The World Socialist Web Site interviewed a rail worker of more than three decades on the ongoing national strikes in Britain and the struggle of railroad workers in the United States.
He told our reporter, “We send solidarity and urge a joint struggle against these global railway companies. That’s the only way forward. To be able to organise such an international struggle, it’s necessary to organise independently of the trade union in both countries who are doing everything they can to delay and sabotage the struggles.
“The trade unions in the UK used the death of the queen to call off strikes for an extended period. The majority of rail workers are very angry about this decision. It’s the same kind of thing that the trade unions on the railways in the United States are doing by appealing to the railroad companies and state forces to try and head off a strike.”
Asked about the strikes in the UK, the worker explained, “The strike was sparked over here by an all-out assault on every aspect of working life from pay to the most basic safety maintenance, to a complete privatisation of what remains of Network Rail and handing the entire setup over to private companies.”
Speaking on the “disastrous safety conditions rail workers in America are facing,” he said, “With anybody who’s working 80 to 100 hours a week, the railroad companies are forcing them into situations where everything is dangerous. And there’s been a lot of instances of safety incidents here. Lots of workers have left the industry for this reason because it’s dangerous.”
“What they’re trying to do in the UK is cut 50 percent of safety inspections, which, as someone who has been on the railways for 35 years, I know that that means that most of the journeys that we’ll be making, we’re not going to know the condition of the track underneath, when we’re going 110 miles an hour! And that is not only putting rail workers in danger, but it’s putting the travelling public in serious danger.
“It’s going to be as ruthless and as brutal as what our American brothers and sisters are facing, which is provoking the current national strike.”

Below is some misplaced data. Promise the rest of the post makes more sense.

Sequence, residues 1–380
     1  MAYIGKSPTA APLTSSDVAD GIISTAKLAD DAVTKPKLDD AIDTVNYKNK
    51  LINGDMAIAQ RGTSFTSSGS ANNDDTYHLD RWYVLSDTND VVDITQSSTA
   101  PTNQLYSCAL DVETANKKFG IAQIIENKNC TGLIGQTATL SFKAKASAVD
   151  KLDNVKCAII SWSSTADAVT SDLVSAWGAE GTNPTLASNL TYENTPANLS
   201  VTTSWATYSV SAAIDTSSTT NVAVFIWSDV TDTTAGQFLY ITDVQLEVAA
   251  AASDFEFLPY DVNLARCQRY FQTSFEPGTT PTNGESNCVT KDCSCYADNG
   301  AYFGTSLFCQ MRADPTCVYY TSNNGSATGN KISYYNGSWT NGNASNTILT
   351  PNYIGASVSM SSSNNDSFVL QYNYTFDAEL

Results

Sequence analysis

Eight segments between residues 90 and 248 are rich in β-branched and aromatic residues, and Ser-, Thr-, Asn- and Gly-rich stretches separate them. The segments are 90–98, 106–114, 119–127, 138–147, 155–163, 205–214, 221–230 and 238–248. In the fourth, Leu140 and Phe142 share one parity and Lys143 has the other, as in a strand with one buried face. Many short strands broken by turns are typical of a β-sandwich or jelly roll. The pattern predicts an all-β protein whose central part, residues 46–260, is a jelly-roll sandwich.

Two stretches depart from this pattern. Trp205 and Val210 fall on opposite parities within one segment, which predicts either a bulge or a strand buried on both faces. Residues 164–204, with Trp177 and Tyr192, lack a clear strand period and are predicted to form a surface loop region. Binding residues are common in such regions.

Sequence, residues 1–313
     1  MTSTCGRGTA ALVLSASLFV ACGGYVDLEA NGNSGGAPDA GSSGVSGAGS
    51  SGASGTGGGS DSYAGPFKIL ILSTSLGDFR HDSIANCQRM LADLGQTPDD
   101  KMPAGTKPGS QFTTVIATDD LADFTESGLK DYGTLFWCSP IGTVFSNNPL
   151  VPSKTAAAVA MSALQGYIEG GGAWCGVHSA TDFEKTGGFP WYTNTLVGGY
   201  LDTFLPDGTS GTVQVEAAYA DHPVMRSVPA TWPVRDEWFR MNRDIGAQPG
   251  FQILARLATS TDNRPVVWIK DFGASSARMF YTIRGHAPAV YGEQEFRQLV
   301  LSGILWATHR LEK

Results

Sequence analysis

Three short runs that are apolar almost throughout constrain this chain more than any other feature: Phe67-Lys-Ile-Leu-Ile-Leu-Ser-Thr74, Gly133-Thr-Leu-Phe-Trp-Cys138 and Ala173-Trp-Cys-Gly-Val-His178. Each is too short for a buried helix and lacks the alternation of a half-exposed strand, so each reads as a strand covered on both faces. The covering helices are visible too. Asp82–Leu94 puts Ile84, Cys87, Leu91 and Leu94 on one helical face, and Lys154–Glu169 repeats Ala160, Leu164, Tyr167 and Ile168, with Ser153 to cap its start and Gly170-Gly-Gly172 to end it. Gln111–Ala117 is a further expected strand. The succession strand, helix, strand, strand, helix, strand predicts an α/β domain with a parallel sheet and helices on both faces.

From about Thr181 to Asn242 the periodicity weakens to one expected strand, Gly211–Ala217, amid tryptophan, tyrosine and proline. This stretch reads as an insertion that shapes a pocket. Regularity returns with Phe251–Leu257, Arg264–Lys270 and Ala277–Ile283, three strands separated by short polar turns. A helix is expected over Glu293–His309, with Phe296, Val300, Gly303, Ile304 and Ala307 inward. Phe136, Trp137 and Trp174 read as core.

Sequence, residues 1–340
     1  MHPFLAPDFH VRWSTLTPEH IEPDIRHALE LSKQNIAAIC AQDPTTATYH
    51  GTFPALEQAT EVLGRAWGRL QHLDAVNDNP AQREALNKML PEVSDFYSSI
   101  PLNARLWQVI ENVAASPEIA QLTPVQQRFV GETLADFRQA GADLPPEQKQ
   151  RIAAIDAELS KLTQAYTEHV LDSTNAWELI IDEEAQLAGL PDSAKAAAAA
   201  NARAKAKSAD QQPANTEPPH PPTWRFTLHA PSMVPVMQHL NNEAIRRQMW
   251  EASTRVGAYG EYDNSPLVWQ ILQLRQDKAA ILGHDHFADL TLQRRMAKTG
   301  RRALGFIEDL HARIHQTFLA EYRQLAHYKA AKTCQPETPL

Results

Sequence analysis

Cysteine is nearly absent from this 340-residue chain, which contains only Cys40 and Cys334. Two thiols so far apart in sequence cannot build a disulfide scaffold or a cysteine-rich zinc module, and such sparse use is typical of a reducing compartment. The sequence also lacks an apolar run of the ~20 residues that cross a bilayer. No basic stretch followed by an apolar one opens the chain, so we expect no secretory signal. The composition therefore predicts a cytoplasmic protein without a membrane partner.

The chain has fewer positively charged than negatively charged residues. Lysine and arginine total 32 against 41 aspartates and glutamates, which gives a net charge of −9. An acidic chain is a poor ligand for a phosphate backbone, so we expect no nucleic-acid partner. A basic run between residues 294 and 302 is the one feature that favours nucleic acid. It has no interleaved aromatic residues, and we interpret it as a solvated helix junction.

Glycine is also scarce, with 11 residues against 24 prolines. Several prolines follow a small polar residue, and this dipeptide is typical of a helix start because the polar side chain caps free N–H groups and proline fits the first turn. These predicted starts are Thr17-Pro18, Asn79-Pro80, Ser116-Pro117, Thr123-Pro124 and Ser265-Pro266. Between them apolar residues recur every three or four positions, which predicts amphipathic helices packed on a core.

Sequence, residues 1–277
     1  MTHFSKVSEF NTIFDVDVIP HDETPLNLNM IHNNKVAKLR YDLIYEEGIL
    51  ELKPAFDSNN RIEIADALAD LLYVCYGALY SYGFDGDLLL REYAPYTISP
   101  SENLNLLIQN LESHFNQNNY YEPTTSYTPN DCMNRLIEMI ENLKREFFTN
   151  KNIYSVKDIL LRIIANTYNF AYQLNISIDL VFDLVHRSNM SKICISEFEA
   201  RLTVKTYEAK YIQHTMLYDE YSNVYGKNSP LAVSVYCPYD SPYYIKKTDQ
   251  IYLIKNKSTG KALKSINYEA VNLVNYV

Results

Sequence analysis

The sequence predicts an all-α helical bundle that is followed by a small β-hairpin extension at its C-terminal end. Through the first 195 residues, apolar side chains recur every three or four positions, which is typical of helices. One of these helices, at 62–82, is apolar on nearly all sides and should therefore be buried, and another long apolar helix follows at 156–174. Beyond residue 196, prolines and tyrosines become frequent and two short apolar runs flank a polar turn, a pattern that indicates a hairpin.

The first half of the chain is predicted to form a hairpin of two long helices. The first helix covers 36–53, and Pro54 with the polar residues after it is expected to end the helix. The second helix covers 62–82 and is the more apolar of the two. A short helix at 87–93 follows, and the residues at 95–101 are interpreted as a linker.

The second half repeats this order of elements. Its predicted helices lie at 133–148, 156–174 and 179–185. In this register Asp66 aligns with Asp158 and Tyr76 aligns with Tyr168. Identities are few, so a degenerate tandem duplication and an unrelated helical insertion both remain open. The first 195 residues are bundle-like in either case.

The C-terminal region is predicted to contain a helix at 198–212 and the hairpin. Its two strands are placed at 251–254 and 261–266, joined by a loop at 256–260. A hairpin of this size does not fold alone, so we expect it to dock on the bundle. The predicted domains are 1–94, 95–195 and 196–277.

The WSWS asked what the rail worker thought of the brutal conditions suffered by American rail workers, including the lack of sick leave.
“Well, it’s obviously been disastrous, especially during COVID. Workers coming into work ill or losing pay. It’s like a choice between a bullet and poison. Either way, it increases pressure on workers to come in while they’re ill.
“As a railwayman, I know that has implications not only for your colleagues, but how you actually do the job, how you keep the track safe. It’s criminal in the extreme and it bears no regard to the lives of workers, what impact this has at home, on the track and on the railway. It’s a ruthless drive for profits at the expense of lives.
“I once had to work 60-hour weeks after the union agreed to it. We forced a strike over it and the union had to overturn this arrangement they made. It almost destroyed my family life, for an extended period. I couldn’t see the children. I was going to sleep, getting up, going to work, going to sleep, getting up, going to work and everyone at work looked as white as a ghost. It got to a point where we couldn’t take it any longer. I can’t imagine what another 20 to 40 hours on top of that is doing to our American brothers and sisters. It does explain the intensity of the fight they want to wage.”